Short Story Day 38 of 365
The a capella men’s choir had been on a whirlwind tour of Europe for six weeks.
A new day, a new venue or two – mostly modern churches and 300-year-old cathedrals.
Their tour was winding down with three concerts to go.
The young men were tired.
The director was exhausted.
The congregations, however, were still excited to hear the songs and stories that these Yanks brought from America.
The men were college students in their early 20s, but the audiences were easily in their 60s and 70s.
After the piper blew the correct pitch, the chorus tuned to the pitch and within a couple of seconds, the song began in earnest.
It happened that way every day on every song at every venue, like a well-oiled machine, the way they had practiced it for the past few months.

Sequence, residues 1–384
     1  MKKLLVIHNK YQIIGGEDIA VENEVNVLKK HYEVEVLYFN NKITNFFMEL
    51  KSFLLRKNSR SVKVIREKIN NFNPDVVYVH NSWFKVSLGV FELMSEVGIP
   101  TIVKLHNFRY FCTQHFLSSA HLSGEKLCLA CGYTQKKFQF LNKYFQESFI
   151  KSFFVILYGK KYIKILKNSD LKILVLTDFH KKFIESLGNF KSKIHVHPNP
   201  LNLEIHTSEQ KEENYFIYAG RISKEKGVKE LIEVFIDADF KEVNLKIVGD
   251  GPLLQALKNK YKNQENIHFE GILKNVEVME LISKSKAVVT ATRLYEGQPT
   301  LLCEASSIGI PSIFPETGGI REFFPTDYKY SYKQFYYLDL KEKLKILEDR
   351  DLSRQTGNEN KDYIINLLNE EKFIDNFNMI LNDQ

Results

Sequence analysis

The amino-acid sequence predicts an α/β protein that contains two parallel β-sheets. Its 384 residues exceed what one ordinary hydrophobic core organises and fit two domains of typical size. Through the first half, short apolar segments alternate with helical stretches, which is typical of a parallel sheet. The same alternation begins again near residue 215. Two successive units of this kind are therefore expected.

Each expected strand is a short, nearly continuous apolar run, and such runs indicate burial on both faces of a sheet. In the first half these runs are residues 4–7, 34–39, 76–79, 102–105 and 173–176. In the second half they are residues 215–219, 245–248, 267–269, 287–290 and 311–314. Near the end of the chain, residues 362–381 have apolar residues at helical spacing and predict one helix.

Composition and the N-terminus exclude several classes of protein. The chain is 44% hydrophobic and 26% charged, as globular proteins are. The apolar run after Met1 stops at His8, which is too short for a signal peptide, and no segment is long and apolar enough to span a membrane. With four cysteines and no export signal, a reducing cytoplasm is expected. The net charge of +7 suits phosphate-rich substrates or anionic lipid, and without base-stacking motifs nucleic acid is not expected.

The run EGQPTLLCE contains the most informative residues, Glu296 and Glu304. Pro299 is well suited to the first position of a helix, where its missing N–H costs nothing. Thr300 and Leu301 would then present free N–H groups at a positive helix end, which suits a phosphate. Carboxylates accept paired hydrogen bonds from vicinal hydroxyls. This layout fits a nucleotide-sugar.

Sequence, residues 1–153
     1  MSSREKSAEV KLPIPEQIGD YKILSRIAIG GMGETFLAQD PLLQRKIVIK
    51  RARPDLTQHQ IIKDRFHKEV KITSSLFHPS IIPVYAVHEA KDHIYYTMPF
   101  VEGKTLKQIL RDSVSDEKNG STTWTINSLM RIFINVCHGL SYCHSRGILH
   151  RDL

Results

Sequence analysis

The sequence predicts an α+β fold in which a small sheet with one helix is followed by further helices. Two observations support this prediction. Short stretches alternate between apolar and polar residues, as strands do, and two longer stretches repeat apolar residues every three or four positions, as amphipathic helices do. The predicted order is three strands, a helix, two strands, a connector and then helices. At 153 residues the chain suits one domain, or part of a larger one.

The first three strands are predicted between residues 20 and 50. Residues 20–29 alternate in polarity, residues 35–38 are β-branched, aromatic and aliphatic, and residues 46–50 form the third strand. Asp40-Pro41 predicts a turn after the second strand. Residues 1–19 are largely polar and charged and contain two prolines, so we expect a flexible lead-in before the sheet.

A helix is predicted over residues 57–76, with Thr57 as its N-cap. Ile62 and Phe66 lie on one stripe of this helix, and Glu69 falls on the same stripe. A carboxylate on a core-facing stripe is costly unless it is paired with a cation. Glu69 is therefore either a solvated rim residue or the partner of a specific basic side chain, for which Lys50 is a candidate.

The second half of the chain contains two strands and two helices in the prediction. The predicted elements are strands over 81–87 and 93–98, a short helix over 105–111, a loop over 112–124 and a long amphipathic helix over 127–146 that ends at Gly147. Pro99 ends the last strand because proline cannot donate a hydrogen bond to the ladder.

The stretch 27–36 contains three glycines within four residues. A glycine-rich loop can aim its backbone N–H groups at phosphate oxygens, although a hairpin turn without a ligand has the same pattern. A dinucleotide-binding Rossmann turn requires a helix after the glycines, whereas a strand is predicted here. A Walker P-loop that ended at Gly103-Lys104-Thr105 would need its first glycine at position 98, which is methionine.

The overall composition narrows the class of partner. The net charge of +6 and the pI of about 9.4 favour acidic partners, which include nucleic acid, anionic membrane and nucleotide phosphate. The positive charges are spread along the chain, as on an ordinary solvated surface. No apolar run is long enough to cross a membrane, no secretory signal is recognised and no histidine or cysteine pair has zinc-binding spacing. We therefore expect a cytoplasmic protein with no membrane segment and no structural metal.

With two songs to go, Darcy blew the pitch and the director tuned the choir.
Basses first, then Leads, throw in the Tenors, and lastly the Baritones.
Unfortunately, the Baritones were having a hard time nailing down their pitch. Other choir members were getting antsy and started badmouthing the Baritones through threats and clenched teeth.
Darcy played the tuning note again.
Amid the commotion caused by the untuned chord and the unsettled choir, the frail high-pitched voice of an elderly woman in the back of the cathedral sounded out in the natural amplification of the cathedral, “A little louder please!”
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